I think it so important now that teachers have access to streamed video – so important for teachers to watch other teachers. Here’s a player I’ve made as a start. These videos are revealing and helpful for teachers, watching, we absorb and see the little things. It really is in the little things that a good teacher becomes GREAT.
This teacher (in the above video), I’d hire in a heart beat. He’s a genius. Really and truly. Even though he is teaching French, you can see so many small things that he does so well — so many things to inform your own teaching. Two I”ll highlight.
1) he lets the students speak and respond in their L1
– I find this so refreshing and it should be the norm. Students should respond to communicate, not to a set format (L2). When they are ready, the target language will come. He is wonderful in getting the students to focus on this so important aspect – meaning.
2) Contextualization. See how expressive he is. See how he makes eye contact and uses his voice. See how he asks questions in a closed way – so students can respond. See how creative he is and how he bridges and helps students deal with the ambiguity of a second language. Pure genius!!!!
Medal of honor. This is part of a series on Annenberg for MFL (Modern foreign languages) “Teaching Foreign Languages” – but also wonderful for EFL teachers. Language is language, a rose is a rose.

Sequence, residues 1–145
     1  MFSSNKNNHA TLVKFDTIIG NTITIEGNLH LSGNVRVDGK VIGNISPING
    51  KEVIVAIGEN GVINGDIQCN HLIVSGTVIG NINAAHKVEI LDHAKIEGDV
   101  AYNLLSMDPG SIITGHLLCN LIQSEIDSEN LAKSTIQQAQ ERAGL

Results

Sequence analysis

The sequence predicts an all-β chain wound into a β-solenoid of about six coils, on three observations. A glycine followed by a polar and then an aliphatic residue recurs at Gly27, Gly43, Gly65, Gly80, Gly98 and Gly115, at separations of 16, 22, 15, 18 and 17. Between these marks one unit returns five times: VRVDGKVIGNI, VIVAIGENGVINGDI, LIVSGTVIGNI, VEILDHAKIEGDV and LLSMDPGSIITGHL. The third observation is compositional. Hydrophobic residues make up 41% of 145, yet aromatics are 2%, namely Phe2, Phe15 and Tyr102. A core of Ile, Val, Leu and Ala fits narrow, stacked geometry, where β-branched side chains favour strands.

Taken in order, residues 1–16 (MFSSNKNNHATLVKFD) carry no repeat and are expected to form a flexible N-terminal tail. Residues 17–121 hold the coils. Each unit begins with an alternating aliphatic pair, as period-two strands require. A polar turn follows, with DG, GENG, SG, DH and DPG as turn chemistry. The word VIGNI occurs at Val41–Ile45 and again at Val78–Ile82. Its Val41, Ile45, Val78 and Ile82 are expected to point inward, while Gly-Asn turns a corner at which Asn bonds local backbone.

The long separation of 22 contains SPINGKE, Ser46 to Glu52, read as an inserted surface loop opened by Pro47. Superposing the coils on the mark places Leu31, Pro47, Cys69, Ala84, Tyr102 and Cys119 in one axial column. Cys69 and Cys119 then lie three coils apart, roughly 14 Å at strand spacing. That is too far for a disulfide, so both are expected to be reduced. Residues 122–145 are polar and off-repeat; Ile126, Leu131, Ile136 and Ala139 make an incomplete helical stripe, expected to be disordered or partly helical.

Eric Herman does a great job with his son. It is so engaging, even for adults. A song but with dialogue – it has it all.
Use in millions of ways:
1. Pause ask what is the right animal. 2. Watch, students write down the names of all the animals. Then organize or write sentences using “can” A monkey can…. etc… 3. Sing the song/rewrite the song using different animals. 4. Make/draw Wingdingdongdilly’s (animals with different body parts). Discuss as a group to review body part vocab. 5. Just enjoy!
One thing I’ve become convinced of as a teacher, is the fact that WE can be our own worst enemy. Meaning, somehow our own experiences, our 1,000s of hours in the classroom observing teachers, have conditioned us to “be teachers” and that this gets in the way of the success of our language classrooms. We believe we are already experts and we then, self – perpetuate old attitudes/styles/paradigms. We play the role without thought to the outcome!